Nonetheless, the company quickly gained financial backers and a great deal of traction as they worked in novel areas of pharmaceutical development. In addition to being the executive vice president for research and preclinical development, Chris became involved in many of the tactical operations, including human resources and facilities and laboratory build out. They went from being three people to roughly 100 in just over two years. They formed partnerships with many U.S., European and Japanese pharmaceutical companies, and were ready to file the first Investigational New Drug (IND) application for an oligonucleotide drug. Mirabelli and the team then took the company public, and the NASDAQ-listed company just celebrated its 25th anniversary.
Family Ties Win Out
However, after Catherine gave birth to their son, Gabriel, the East Coast natives began missing their families back home in New York and Philadelphia. It wasn’t long before they realized they wanted to move back east.
As luck would have it, another opportunity presented itself. An executive with Boston’s HealthCare Ventures, a venture capital firm specializing in the pharmaceutical industry, gave Chris a call in 1993.
“They were searching for someone to be the founding Chief Executive Officer of a new company that they were starting with a Harvard University professor who specialized in immunology,” Mirabelli explains.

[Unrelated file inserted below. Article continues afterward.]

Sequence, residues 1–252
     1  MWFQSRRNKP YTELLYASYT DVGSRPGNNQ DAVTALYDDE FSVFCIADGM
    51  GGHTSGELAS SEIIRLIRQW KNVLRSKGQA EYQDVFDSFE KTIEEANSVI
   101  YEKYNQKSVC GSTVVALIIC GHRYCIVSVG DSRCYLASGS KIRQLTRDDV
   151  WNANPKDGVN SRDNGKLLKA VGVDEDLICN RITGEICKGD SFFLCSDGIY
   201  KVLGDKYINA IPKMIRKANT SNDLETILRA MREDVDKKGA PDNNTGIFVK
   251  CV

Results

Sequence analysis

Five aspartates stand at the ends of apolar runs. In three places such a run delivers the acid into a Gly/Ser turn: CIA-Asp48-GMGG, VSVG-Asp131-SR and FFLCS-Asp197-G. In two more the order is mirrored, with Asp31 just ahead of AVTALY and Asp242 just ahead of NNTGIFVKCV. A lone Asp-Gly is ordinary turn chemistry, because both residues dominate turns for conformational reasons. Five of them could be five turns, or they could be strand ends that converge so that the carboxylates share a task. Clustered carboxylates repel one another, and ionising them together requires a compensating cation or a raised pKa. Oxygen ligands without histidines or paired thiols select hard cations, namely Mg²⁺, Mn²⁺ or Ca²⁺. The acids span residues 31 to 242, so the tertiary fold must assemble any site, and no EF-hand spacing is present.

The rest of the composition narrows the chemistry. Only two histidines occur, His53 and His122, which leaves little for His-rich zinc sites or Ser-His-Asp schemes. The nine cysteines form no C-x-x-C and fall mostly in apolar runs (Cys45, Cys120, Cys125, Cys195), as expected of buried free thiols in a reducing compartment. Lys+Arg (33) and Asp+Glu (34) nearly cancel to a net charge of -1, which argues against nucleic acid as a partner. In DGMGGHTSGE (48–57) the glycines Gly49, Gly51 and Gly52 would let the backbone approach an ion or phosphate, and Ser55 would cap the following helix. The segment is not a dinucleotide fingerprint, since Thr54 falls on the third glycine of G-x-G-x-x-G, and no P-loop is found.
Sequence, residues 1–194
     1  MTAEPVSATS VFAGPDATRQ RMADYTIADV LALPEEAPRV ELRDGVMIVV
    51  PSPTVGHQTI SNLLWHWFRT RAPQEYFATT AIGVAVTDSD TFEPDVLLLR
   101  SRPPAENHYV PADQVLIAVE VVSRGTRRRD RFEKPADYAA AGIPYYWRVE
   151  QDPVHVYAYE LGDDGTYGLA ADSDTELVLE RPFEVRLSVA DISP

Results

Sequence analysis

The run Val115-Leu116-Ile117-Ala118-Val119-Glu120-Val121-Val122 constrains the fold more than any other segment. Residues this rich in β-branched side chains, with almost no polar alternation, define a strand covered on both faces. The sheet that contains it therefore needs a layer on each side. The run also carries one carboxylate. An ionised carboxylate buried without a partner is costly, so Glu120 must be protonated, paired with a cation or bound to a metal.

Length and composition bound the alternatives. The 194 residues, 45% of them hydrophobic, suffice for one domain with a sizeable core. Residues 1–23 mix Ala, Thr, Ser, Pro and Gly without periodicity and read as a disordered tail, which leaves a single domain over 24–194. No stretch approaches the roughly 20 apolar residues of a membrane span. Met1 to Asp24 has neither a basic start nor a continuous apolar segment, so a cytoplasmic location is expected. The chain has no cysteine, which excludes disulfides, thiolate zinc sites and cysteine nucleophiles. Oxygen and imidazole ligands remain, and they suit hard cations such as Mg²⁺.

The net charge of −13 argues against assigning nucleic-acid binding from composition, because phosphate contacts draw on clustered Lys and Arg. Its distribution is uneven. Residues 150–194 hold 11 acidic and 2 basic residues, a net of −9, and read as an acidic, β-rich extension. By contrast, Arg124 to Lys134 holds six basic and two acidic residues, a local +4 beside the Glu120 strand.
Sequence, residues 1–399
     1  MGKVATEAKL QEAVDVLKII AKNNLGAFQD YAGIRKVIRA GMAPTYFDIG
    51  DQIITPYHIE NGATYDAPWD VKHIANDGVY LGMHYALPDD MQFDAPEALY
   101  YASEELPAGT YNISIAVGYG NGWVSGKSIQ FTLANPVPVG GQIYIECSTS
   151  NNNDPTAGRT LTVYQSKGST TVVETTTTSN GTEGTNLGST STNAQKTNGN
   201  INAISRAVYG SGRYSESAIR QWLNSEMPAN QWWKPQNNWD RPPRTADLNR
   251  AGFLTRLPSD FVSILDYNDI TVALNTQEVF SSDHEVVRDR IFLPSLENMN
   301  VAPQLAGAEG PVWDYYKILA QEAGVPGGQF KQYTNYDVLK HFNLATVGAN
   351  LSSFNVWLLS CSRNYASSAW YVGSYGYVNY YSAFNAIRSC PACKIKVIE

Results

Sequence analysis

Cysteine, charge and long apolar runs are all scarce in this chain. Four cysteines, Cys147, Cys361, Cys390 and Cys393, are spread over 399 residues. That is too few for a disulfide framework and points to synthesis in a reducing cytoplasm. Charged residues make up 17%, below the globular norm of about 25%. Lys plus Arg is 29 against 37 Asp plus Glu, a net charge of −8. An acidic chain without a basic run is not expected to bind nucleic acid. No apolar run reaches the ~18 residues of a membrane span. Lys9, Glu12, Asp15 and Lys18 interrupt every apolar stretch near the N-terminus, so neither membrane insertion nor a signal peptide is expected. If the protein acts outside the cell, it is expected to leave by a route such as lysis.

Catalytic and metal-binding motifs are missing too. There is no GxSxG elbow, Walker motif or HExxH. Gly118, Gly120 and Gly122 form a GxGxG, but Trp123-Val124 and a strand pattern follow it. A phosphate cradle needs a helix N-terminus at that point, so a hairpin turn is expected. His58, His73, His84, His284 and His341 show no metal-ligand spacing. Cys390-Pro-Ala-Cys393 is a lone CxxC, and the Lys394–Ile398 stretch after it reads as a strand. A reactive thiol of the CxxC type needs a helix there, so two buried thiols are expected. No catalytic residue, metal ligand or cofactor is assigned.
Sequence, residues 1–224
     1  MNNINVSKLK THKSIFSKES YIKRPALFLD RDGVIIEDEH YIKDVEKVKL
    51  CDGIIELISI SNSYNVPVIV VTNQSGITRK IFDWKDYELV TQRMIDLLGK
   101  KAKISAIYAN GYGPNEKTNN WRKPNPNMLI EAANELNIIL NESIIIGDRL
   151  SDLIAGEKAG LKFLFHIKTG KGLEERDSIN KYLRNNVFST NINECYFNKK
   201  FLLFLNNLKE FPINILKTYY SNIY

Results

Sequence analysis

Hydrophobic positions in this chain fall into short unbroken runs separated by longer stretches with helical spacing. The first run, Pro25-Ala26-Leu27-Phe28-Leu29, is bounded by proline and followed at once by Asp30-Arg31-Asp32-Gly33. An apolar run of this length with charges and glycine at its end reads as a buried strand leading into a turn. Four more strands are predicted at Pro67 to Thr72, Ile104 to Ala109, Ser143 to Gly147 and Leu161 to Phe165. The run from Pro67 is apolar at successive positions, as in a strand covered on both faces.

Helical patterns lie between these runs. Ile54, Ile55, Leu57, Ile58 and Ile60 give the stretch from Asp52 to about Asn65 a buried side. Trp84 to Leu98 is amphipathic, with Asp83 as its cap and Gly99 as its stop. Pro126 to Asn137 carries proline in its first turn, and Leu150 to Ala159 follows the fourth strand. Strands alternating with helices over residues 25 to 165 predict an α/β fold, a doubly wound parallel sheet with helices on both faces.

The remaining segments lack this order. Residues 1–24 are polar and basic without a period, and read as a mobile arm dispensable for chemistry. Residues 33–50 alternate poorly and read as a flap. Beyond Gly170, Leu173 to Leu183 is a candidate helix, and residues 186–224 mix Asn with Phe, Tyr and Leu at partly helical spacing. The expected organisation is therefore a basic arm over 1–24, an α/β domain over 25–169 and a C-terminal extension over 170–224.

The company, LeukoSite, went public in 1997 and would see several white-blood-cell-targeted drugs in its pipeline eventually make it to market, following its merger with Millennium Pharmaceuticals in 1999. Mirabelli looks back on that experience with great satisfaction.
“I tell people it’s kind of the ‘trifecta’ in our business,” he says. “You make drugs that have a very positive impact on people’s lives; you make money for your investors, which is what fuels the pharmaceutical industry; and you get the chance to do really good science.”
Trading Lab Coats for Suit Coats
Biology Professor Scott Ferguson shows Dr. Mirabelli the new Syngene imager which he donated to the department. Used daily, the imager photographs DNA and protein samples, allowing students and faculty to conduct research which they could not consider previously.
Today, Mirabelli sits on the other side of the table that he was so often at as a researcher and developer, serving as managing director for HealthCare Ventures — the same Cambridge, Mass. firm which recruited him to Boston over two decades ago. He says his experience in the lab and in recognizing the kinds of people who have what it takes to succeed has proved invaluable.